We conclude our MPR winter member drive with a program about the importance of independent journalism.
Loyola University-Chicago history professor Michelle Nickerson was featured recently at the Minnesota Historical Society's "History Forum."
She tells us about the centuries-long history of "fake news" in the United States.
Beginning with the partisan newspapers in the earliest days of the new country, she takes us through the sensationalized "yellow journalism" of the late 19th century on to the 20th century when journalists established their first code of ethics — and to the elusive search for "truth" and "facts" in today's cable news and social media landscape.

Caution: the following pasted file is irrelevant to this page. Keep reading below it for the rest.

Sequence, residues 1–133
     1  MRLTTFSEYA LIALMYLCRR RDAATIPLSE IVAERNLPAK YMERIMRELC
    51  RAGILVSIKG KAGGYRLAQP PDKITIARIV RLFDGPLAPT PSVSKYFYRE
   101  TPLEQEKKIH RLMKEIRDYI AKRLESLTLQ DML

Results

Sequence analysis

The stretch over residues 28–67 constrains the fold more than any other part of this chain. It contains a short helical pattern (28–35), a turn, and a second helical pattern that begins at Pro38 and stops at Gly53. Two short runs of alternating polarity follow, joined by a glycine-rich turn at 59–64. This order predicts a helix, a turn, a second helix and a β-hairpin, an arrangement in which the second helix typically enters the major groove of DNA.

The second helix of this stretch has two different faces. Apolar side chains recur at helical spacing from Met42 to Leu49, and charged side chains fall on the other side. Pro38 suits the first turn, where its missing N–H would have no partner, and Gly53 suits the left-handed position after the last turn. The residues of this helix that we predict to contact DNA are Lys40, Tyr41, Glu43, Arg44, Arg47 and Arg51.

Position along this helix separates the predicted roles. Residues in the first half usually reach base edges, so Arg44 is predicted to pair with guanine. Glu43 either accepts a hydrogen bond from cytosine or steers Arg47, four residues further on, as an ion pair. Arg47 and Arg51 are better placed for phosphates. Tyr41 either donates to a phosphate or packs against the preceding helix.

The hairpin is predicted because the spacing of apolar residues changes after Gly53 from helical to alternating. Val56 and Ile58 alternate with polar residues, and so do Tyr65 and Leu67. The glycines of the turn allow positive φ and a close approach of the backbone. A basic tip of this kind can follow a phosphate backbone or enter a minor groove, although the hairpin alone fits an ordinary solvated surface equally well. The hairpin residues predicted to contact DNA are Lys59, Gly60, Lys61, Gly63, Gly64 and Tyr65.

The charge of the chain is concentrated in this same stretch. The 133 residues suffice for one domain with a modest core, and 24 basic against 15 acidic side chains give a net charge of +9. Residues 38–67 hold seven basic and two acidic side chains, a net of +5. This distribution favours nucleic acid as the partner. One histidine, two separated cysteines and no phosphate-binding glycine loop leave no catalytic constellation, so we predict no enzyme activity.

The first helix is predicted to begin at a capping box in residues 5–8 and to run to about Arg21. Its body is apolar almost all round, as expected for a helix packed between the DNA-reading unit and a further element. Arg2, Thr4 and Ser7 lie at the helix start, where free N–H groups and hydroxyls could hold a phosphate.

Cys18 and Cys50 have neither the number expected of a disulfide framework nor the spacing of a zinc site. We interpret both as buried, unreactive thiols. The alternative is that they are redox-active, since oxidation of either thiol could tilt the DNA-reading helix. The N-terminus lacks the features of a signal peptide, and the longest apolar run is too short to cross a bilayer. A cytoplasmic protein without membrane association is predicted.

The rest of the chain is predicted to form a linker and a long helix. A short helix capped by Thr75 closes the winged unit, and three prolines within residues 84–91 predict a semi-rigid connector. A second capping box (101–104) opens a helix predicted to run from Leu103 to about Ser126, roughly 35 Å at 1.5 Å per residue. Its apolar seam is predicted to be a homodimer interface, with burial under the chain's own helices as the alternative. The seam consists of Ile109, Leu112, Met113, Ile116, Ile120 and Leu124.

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Thomas Jefferson said the press had become "servile to the government," Nickerson says, and newspapers were used as a vehicle for political organizing and advocacy.
Newspapers were often funded by investors to support their own political interests.
Later, journalists began to see their role as reformers.
For a long time, newspapers have sensationalized the news in order to compete for readers.
Journalists in the 20th century began to see themselves as professionals and established a code of conduct. Some believed they had a responsibility to put the welfare of society before the profits of the media owners, Nickerson said.
The rise of cable news and the massive growth in news distribution via social media are both having a major — and often negative — impact on truth and fact-based journalism, Nickerson suggests.
Michelle Nickerson spoke in St. Paul at the Minnesota Historical Society's "History Forum" on Jan. 12.